Supreme Court Justice Biopic Thrills with Legal Twists, Turns

Editor’s note: This article contains mention of sexual assault, violence, racism, and anti-Semitism.

In a thrilling biographical legal drama, Marshall tells the story of the Supreme Court justice and civil rights lawyer, Thurgood Marshall, as he confronts one of the first and lesser-known cases of his prolific career. When a wealthy socialite accuses her Black chauffeur of sexual assault and attempted murder, Marshall must join forces with local insurance lawyer Sam Friedman to uncover the truth and defend the chauffeur from a town that has already presumed his guilt.

This films stands out from the typical biographical drama, as it avoids the usual attempts to glorify an individual by focusing on their greatest triumphs. Marshall’s more famous cases — such as Brown v. Board of Education, which desegregated public education — are already taught in most American history classes. The film provides a new perspective by confronting a case from 1940 that few members of the audience are likely familiar with. Viewers hoping to see Marshall’s entire life story crammed into a two-hour window will be disappointed. This tighter focus, however, is exactly what allows this film to be a true drama rather than supplementary material for a history textbook.

By focusing on a lesser known case of Marshall’s, the film also highlights the kind of man that Marshall was and the values he championed. Ultimately, this saves the film from falling into the common trap faced by biopics, where glorification often overpowers the humanity of heroes. Over the course of the film, the audience gradually gets to know Marshall as if he were speaking directly through the screen to them. Although he certainly shines in court, the nuances of his life are revealed far beyond his career: caring for his wife, drinking with friends, and in many respects, simply living an ordinary life. A portrait is ultimately drawn that illustrates Marshall not only to be a just lawyer, as most people already know him to be, but also a regular man, hitting home at a personal level.

Marshall’s partner-in-law, Friedman, is given just as much character complexity throughout the story. Reluctantly thrust into the defense case with Marshall, Friedman is petrified by the negative attention that it will bring to both him and his family in the beginning of the story. As a Jewish person living during the peak of Nazism, he faces great struggles with anti-Semitism, and gradually, as the story progresses, begins discovering parallels between this bigotry and the racism that Marshall — and their client — must confront daily.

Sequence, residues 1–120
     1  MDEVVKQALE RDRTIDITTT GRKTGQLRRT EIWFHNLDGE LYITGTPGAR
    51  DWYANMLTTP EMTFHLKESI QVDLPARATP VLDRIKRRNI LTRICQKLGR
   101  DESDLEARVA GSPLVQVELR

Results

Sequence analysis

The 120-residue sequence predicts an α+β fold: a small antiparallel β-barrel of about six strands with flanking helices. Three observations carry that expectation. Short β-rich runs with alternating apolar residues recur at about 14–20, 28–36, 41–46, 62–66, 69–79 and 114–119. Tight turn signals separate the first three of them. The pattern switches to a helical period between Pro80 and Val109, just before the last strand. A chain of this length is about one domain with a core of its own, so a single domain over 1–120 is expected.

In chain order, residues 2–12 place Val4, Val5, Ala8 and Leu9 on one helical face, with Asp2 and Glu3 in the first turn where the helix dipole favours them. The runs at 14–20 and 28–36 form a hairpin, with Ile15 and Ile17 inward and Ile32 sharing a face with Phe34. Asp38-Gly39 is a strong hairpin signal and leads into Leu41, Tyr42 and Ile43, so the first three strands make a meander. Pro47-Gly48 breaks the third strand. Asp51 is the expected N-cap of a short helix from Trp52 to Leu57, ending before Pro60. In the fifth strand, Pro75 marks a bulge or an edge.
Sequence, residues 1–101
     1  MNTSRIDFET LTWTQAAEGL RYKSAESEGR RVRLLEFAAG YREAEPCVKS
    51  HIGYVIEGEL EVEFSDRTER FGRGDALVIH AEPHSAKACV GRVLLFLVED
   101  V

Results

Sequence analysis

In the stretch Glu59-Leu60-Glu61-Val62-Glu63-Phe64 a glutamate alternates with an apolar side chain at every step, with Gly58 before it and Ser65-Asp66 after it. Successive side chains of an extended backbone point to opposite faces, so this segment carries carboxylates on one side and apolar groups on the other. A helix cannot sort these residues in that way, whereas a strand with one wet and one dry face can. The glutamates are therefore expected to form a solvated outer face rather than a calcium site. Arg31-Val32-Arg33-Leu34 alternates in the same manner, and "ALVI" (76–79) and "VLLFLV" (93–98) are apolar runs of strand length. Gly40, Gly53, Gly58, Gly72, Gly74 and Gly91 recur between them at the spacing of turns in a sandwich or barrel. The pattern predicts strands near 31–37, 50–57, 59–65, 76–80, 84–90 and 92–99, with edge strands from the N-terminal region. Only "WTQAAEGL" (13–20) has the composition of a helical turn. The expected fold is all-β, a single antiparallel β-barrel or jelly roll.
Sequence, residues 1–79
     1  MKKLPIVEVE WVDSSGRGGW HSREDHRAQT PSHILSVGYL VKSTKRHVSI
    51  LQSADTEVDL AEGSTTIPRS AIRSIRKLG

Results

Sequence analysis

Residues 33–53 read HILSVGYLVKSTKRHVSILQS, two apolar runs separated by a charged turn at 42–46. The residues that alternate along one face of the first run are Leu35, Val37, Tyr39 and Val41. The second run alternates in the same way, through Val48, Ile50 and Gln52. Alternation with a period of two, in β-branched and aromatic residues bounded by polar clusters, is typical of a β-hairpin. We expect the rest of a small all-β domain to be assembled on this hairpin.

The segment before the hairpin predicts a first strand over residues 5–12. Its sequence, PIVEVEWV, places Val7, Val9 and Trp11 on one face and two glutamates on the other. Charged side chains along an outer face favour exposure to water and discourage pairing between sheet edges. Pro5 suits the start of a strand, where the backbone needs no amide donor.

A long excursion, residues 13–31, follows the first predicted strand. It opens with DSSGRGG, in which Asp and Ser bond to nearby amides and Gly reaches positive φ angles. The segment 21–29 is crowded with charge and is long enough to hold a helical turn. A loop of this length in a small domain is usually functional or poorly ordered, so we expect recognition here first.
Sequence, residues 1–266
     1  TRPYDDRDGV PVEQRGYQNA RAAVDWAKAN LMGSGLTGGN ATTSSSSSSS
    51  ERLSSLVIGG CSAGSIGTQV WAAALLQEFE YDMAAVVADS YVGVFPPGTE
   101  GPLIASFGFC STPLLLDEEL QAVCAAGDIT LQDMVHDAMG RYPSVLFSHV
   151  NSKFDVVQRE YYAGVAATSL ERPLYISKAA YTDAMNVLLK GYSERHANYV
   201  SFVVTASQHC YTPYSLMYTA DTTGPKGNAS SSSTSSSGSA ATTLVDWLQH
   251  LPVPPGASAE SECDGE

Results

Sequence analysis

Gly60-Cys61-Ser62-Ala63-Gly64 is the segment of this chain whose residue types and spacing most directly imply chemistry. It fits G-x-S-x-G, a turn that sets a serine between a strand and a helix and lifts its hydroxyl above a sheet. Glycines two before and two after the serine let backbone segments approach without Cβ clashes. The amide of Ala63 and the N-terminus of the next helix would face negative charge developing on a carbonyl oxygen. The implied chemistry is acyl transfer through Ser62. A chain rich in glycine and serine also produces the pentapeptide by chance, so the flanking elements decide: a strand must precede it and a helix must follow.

The most compelling element of this film is the way it uses these parallels to create a highly relevant message about the prejudice currently and increasingly prevalent throughout the nation. More than just acknowledging that discrimination exists, Marshall reveals how history has changed because of heroes willing to rise to the occasion and advocate for what is right, even when they are threatened, ostracized, and beaten down. Such determination holds equal importance today, and in one of the most powerful quotes of the film, Marshall summarizes this principle: “The only way to get through a bigot’s door is to break it down.”

Although the film is certainly excellent as an overall experience, there are several points that warranted improvement, especially the use of humor. While humor often provides some relief to the dark and often frightening story, the film seems to overuse this, relying on comical moments like a crutch to move the plot through slower parts. This can make the jokes seem forced or mistimed. At the worst moments, the juxtaposition of humor in the middle of otherwise serious scenes is a sour note.

The film is perhaps just a little bit too ambitious. Many of the plot points that were introduced early on are later abandoned and ultimately irrelevant to the storyline and add unnecessary baggage to the story. However, even this does not subtract from the underlying messages, which alone makes the movie worth seeing.